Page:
Each of the 25 letters is written by James Cornell Biddle, to his future wife Gertrude, September 25th thru October 28th, 1862. All but one are datelined from Sharpsburg. Biddle enlisted on 4/25/1861 at Philadelphia, PA as a Private into "A" Co. PA 17th Infantry, promoted 1st Lieut 11/1/1861, Capt 11/1/1862, Major 11/5/1863 (Transfer to staff Gen Meade), Lt Colonel 8/1/1864, Colonel 4/9/1865. Biddle is on his assignment toGen. Rickett’s staff. The Biddle family of Philadelphia, Pennsylvania is an Old Philadelphian family descended from English immigrants William Biddle (1630–1712) and Sarah Kempe (1634–1709), who arrived in the Province of New Jersey in 1681. Quakers, they had emigrated from England in part to escape religious persecution. The letters translated, cleanly written and usually four pages. Here are a few excerps, Sept. 24th, “We ahve our forces scattered from Harpers f Ferry to Willimsport guarding the river ... Gen. Meade is now incommand of theis Corps. ... Sept 27th, “Col. Starke was the one so kind to me ... Dr. Rimanben told me of Col. Starke’s promotion and death ... Sept 29th, “This morning Gen. Ricketts and myself started to hunt up a new camp ... we moved this afternoon to this place on the bank of the Potomac ...” Oct. 1st, “There has been heavy firing on the other side of the river ... I have nor heard of any resignationas as a result of the President’s Procalmation ..I do not think it will do any harm .. You know I have always objested to it on the grounds of it being impracticable ..” Oct 3rd, “The General and myself were riding going with his division reviewing the ground ... We were waiting the ground for the President till dark ...” Oct 3rd (2nd letter), “We were drawn up in line from 12 o’clock yesterday until dark waiting for the President but he did not arrive.” ... Oct 5th, “I would like to know what has become of my servant. It worries me very much to think of hisposition. I see the Rebel Congress commences to quail under the President’s Proclamationm ... Gen’ Ricketts has heard nothing from Genl McClellan ... I think the General had been treated very badly...” Oct 6th, “I have not felt anything likeIntermittent Col. Wainwright says. ... The rains would soon make Virginia roads impassable. ... It is reported the Rebels ahve two guns placed on the river commanding Parker’s batteries ...”. Oct 78th, “The troops are entirely destitute of overcoats & blankets, and they think it will be very hard for them ... I must confess the idea of going into winter quarters ..then commencing in the spring and having a repetition of the campaign of last year, resulting in terrible loss of life, without accomplishing any result. ...The General has said nothing with regards to his troubles ... We heard certain parties were trying to have him made a Major General ...” Oct 8th, “Gen. McClellan has moved his Head Quarters to Sandy Hook ... I just hired a servant. He seems to be a respectable boy. McClellan has issued an order in reference to officer’s expressing opinions with regard to the President’s Emanciaption Proclamation. ...” ... Oct 9, “I was told Sigel had a force of 50,000 men independent of Heintzleman’s command. It’s reported the Rebels are leaving Winchester. .. I wish we could wipe out the rebellion before Christmas....” ... Oct 10th, We received Caddy’s barrel of ale yesterday but there is no whiskey. ...” Oct 10 (2nd), “Gen. Wadsworth is running for governor of New York. ... We havesent today to Hagerstown for whiskey. ... It was so dark I could not see to find my way home. I gave the horse the rein. He brought me home safely. ... I don’t thinkany of our prisoners took the parole not to serve again ....” .. Oct 11th, “The General tells me the Rebels made a raid into Maryland above here at Williamsport yesterday. He was informed by a Captain who just came from Hagerstown and represents the people as being very much alarmed. ..It certainly will not do for us to leave Maryland unprotected. ... I have not met an officer who has not got the greatest faith in McClellan ... Gen Smith told me of ‘Bragg’s Fine Army’ and how much they expected of it ... so far they have failed in their intentions. ...” ... Oct 12th, “We heard firing this morning. One of our officers .. thought there was a fight going on at Leesburg. ... Rebels left there taking the Gettysburg Pike. It will be too provoking if we do not capture them. ... Stewart probably made that raid to draw our forces up the river, they intending to make an attrack upon Washington ...”” ... Oct 12 (2nd), “We received orders from McClellan to be on the alert to prevent the rebels from crossing again ... to send a force to guard the roads in our rear ... I hope we may have them ...” ... Oct 14th, “I do not intend to say anything of Stewart’s raid. It has completely disgusted me. I think .. they will attack us instead of our attacking them. We have certain men giving us information of the rebels leaving Winchester for Richmond. I have no doubt they ere spies. ...” ... Oct 15th, “The General is talking about the mail arrangements and remarks he is disgusted with the arrangements. ...” .. Oct 18th, “I understand .. the enemy are in force at Winchester. ... I wish they would catch VanDorn and keep him as a hostage for the return of my servant. ...” ... Oct 19th, “The General anf myself went to Mercersville and came home by wayn of Sharpsburg Pike going over a portion of the battlefield. .. it was reported the Rebels had crossed about Willimsport. ... The troops are arriveing very fast at Harpers Ferry. ... As the enemy have determined to stand at Winchester, I think it will be the most severe battle of the war. ...” ... Oct 20th, “General Doubleday’s division went up this morning towards Williamsport. I believe for the purpose of preventing any more Rebel raids into Pennsylvania. ... I do not beleive there will be any more fighting this winter, as I do see how we are to get at them. ...” .... Oct 23rd, “From a contraband who crossed the river this morning, we are informed Jackson is in command of a very large force stretching beyond Martinsburg & yesterday itwas reported he was within two miles of the river. ... If the Rebels make a stand at Winchester, there is no doubt but that will be one of the hardest fought battles of the war. ...” ... Oct 24th, “Although it is the prevailing opinion an advance is to made. All of our Generals that I have heard express their opinion think it is unwise. ... He heard in Washington, Genl R was to be relieved & ordered to North Carolina. I asked the Genl how he would like it, and he asked me ‘Do you believe it is so?’ insinuating that he did not. ....” ... Oct 25th, “He says we had a great deal better give up if we are going to conduct the war without everyoneentering into it with earnestness, thatn the only way to be successful is to have what we have the means of having certainty in all our campaigns. We have the numbers & and ought to take advantage of it. He has great faith in McClellan and thinks the battle of Bull Run was a most miserable mismanagement, whereas the Battle of Antietam was perfect in all arrangements. ...” ...Oct 28th, “I am scratching a line in Genl Reynolds Headquarters. I have but a minute. Genl. Burnside has crossed and we cross today. ....”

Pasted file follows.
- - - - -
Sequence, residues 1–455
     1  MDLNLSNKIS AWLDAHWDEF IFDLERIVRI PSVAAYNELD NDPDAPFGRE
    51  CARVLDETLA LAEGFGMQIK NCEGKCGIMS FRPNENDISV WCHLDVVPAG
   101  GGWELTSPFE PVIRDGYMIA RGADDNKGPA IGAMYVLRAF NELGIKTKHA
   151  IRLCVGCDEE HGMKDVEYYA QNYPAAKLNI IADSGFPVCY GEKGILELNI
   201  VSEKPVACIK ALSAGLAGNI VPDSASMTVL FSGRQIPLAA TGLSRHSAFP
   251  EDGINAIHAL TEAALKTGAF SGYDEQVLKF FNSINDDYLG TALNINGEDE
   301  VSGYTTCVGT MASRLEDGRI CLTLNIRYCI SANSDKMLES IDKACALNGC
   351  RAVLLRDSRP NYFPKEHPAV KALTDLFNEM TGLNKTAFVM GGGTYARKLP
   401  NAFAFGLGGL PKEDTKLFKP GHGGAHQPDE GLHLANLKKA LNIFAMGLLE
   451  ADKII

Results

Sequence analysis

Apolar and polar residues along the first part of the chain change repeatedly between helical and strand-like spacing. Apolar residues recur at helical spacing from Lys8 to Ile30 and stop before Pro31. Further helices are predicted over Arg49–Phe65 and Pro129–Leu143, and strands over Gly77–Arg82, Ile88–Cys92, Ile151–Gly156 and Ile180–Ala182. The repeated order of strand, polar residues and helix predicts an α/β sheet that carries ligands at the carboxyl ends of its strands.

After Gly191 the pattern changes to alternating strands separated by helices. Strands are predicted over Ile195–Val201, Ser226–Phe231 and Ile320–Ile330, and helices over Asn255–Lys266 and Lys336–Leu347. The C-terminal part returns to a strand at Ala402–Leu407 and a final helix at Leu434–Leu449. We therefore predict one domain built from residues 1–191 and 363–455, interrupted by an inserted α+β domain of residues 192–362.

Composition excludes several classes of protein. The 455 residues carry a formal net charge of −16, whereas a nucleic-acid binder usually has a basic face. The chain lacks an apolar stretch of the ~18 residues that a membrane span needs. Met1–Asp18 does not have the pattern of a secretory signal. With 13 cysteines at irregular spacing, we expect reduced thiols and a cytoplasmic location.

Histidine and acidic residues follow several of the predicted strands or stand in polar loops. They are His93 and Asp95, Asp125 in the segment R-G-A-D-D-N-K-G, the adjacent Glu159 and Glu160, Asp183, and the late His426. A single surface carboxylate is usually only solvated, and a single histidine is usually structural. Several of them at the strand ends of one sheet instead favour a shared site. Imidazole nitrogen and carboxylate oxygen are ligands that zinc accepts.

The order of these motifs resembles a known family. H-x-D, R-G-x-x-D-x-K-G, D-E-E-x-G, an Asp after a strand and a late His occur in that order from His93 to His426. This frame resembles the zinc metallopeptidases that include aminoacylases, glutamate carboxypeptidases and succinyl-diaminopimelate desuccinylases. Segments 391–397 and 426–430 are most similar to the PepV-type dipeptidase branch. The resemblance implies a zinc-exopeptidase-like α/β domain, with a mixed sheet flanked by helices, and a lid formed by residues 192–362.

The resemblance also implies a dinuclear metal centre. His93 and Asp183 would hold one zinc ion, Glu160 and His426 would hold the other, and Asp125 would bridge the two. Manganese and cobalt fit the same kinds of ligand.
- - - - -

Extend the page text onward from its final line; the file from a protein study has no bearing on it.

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An Archivbe of 25 War-Dated Letters

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Current Bidding
Minimum Bid: $2,500.00
Final prices include buyers premium.: $3,125.00
Estimate: $4,000 - $6,000
Auction closed on Saturday, July 16, 2022.